rotorcraft which its missions ranging from scout and attack to utility and cargo. The handling

qualities criteria and metrics of ADS-33 depend primarily on the mission the helicopter has

to execute rather than its role or size. ADS-33 indicates the specification of aircraft response

37

characteristics depends on numerical quantitative criteria in both the frequency and time

domains, and qualitative criteria based on pilot ratings. Handling qualities of helicopter is

achieved by comprehensive assessment of well defined tasks. During these particular tasks

three pilots rate the helicopter response according to Cooper Harper scale which shows the

task performance of helicopter and workload of pilot.

For flight within the operational flight envelope, Level 1 handling qualities are required. Level

2 is acceptable in extreme situations i.e. the case of failed and emergency situations. However

Level 3 is completely unacceptable. The specifications of the Mission Task Element (MTE), the

Usable Cue Environment (UCE) and the response type must be included to satisfy Level 1

handling which ADS-33 requires.

38

In this part the first level requirement of ADS-33 was used to design stability augmentation

system. Rather than using bandwidth and phase delay data limits on pitch (roll) oscillations

for hover and low speed flight which are the cases for our helicopter.

Table 1: Response limits for pitch, roll and yaw rate according to ADS-33

Firstly damping ratio and natural frequency was

estimated.

= 0.82 = 0.609

1 = 0.5

Secondly first pole is estimated and respectively

second and third poles were found. By applying pole

placement technique the desired feedback matrix

was found.

2,3 = 0.4994 0.3486

Figure 43: Pitch (Roll) Oscillations Criteria

39

Nonlinear Model, at 60knots forward flight;

Figure 44: Forward Flight p, q and r versus time for nonlinear model with SAS

The values in figure 44 states that p, q and r diverge with a step input even though it has a

controller. Lets look at it by using the linear model obtained. The integral controller also

were connected to the channels and analyzed.

40

Linear Model

At hover;

According to above poles by using pole placement technique gain for hover as appears as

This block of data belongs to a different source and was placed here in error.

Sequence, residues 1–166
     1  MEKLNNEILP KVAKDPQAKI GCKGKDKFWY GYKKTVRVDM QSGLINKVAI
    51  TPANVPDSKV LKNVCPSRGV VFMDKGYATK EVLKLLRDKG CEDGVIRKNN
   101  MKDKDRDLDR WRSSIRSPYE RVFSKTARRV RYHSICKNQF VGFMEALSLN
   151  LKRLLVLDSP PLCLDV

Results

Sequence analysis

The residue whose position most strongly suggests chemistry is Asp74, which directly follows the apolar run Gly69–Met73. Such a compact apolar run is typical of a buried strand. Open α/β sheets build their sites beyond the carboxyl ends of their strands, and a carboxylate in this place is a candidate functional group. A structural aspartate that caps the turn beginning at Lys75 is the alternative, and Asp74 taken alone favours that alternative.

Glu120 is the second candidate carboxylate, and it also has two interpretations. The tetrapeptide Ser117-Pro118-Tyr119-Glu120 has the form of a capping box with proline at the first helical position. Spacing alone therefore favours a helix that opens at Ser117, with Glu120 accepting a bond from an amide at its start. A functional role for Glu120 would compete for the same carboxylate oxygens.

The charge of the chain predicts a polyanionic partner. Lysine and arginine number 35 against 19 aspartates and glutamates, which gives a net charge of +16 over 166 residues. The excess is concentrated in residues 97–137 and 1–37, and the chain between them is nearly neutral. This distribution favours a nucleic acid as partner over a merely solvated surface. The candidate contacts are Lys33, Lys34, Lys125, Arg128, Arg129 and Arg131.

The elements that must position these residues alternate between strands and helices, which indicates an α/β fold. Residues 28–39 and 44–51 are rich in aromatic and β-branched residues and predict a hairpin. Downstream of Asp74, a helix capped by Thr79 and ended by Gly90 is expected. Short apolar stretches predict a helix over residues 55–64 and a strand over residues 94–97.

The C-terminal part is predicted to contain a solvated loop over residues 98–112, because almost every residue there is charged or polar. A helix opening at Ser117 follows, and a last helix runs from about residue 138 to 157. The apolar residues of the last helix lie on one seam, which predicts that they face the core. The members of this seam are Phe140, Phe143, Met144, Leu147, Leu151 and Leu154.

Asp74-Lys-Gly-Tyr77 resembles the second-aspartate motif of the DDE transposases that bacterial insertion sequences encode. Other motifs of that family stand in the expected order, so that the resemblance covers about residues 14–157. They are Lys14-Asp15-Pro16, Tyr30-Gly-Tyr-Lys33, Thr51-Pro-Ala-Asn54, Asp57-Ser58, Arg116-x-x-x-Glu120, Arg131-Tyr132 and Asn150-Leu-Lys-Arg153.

follows and the stability augmentation

system feedback gain;

0.0237

= [ 0.0499

0.0056

0.1302

0.0520

0.0047

0.0001

0.0111 ]

0.0155

System does not go to given response value, actually it is very far from that value. So the

integral controller is added to system as below.

A_tilda matrix eigenvalues;

1 = 0.2098 2.7456

2 = 0.1657 0.3977

3 = 0.3740 0.6950

Integral gain;

0.0500

= [0.1000

0.1000

0.1000

0.5000

0.5000

0.1000

0.1000 ]

0.1500

Figure 46: q, p, r vs. time for ADS-33 Hover with Integral Controller

41

Stability augmentation system feedback gain;

0.0065

= [ 0.0444

0.0020

0.1382

0.0431

0.0039

0.0000

0.0041 ]

0.0576

At below the integral controller was added to system to be stable at given input.

A_tilda matrix eigenvalues;

1 = 0.2053 2.5831

2 = 0.2276 0.3133

3 = 0.3165 0.9078

Integral gain is the same as in hover flight

0.0500

= [0.1000

0.1000

0.1000

0.5000

0.5000

0.1000

0.1000 ]

0.1500

42

Figure 48: q, p, r vs. time for ADS-33 Forward Flight with Integral Controller

For both hover and 60knots forward flight, the angular velocities, p, q and r converges to the

unit step input value of 0.5. There are some oscillations seen in the graph due to the fact that

the eigenvalues of integral controlled system remains at the right of the feedback system

obtained by real stability requirements of ADS-33.

43

3. CONCLUSION

In this project, we are asked to design a controller system for a Uh-1h helicopter using

requirements from the ADS-33 Rotorcraft Handling Qualities specifications using the Heli-Dyn.

Firstly, the helicopter was trimmed for hover and 60knots forward flight using Heli-Dyn

software. After trimming the system, it was linearized around its equilibrium points.

Next, reduced order linear dynamics matrices which shows the pitch, roll and yaw rates were

found. The controls were taken as, longitudinal cyclic, lateral cyclic and tail rotor (Pedal)

control are the controls. The linear dynamic model was set up for this reduced order system.

Then, the controllability of this system was checked and it came out as controllable for both

flight. After, using Heli-Dyn, nonlinear model was solved in Simulink for step inputs. Outputs

were plotted for reduced and nonlinear system and it was seen that both were unstable for

step inputs since they were in open loop system.

Moreover, in the project, Stability Augmentation System was investigated and according to

this, a controller gain was designed in reduced order linear system by tuning desired poles.

However, it was used for nonlinear system. Then, by keeping the collective control on its trim

position and giving the others step inputs, the responses were analyzed. The same controller

was designed with LQR and same procedures were applied.

In order to decrease steady state error in the system, the integral controller were added all